FYI, the Institute on Community Integration Staff Newsletter

January 2009

ICI, Bubel/Aiken Foundation Unveil New Inclusive Service Learning Program for Youth

The Institute on Community Integration (ICI) and The Bubel/Aiken Foundation are unveiling a new inclusive service learning program, Together We Make a Difference, that brings together K-12 students with and without disabilities to make a positive difference in their communities. The program, developed through a three-year, $190,400 grant from the Foundation to ICI, has as its goals to engage all youth in service learning, and teach social and life skills to children of all abilities while helping to dispel stereotypes about people with disabilities.

Within the next month the first resource developed by the program will be released: Together We Make a Difference: An Inclusive Service Learning Curriculum for Elementary Learners With and Without Disabilities. It is the first of three curricula for use in schools and youth-serving organizations, with the other two designed for middle school and high school learners and due out later in 2009.

The elementary curriculum provides teachers with lesson plans that build the skills for planning and executing a service learning project. In addition, national standards from English and social studies are infused into the curriculum and each lesson points to the standards that it addresses. For schools and districts that are trying to engage students with disabilities in the regular curriculum, Together We Make a Difference provides a vehicle for teaching many skills.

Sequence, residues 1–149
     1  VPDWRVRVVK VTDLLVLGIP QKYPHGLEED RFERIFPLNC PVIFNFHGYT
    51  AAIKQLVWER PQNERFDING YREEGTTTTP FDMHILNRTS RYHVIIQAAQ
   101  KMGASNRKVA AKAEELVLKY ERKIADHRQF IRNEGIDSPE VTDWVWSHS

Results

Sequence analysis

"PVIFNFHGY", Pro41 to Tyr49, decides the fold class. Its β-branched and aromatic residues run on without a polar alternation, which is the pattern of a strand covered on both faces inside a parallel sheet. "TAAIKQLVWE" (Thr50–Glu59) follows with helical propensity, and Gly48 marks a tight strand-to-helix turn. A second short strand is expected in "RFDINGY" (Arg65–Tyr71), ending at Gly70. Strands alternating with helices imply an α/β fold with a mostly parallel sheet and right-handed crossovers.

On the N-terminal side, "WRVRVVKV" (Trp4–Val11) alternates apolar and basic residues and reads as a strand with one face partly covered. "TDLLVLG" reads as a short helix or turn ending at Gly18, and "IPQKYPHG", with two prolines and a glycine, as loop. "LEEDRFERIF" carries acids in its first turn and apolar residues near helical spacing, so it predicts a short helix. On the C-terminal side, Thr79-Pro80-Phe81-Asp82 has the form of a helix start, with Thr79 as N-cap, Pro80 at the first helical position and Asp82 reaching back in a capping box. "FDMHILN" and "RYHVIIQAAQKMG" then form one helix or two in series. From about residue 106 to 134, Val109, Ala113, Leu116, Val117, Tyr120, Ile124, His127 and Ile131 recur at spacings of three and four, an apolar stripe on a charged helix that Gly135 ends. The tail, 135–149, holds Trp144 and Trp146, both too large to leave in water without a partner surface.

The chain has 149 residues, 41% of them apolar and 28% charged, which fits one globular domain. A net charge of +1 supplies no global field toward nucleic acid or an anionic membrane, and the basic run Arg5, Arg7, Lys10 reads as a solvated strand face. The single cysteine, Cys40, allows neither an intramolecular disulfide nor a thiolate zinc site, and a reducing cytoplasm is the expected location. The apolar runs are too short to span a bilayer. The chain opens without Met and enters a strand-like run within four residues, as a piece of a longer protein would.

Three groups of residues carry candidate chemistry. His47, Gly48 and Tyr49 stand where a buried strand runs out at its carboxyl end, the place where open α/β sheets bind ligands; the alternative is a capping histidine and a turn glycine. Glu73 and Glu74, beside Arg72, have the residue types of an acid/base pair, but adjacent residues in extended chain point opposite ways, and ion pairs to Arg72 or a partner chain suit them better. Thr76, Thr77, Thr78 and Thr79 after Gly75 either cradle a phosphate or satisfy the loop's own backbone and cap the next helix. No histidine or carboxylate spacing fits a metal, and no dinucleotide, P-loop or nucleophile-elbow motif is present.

Terri Vandercook, professor of Special Education at the University of St. Thomas, Minneapolis, and Jo Montie, founder of Doors to Useful Learning, authored the elementary curriculum; both are former researchers on inclusive education at ICI. Also part of the curriculum development team were Brian Abery, the project’s director at ICI; Pam Stenhjem and Diane Halpin of ICI; and Kristy Barnes, the project’s director at The Bubel/Aiken Foundation, all with extensive experience in social and educational inclusion. It was piloted and field-tested in seven schools in Minnesota and North Carolina during the past two years, and feedback from teachers and students shaped its development.

Together We Make a Difference offers a new tool for participating in a growing national emphasis on youth serving their communities, as well as for meeting state and national education standards in a variety of academic areas. “The student projects developed during pilot testing have been exceptional,” observes Brian. “They’ve focused on topics ranging from enhancing safety in the community, to supporting our aging population, to improving local parks and playgrounds.” “The Bubel/Aiken Foundation is excited about the impact of this curriculum,” adds Kristy. “By giving children the opportunity to learn more about each other and make a difference in their community, we will see what young people of all abilities are capable of doing together.”

Together We Make a Difference is funded by a grant from the Office of Special Education Programs, U.S. Department of Education, to the Foundation. FFI contact Brian Abery at 612-625-5592 or Or visit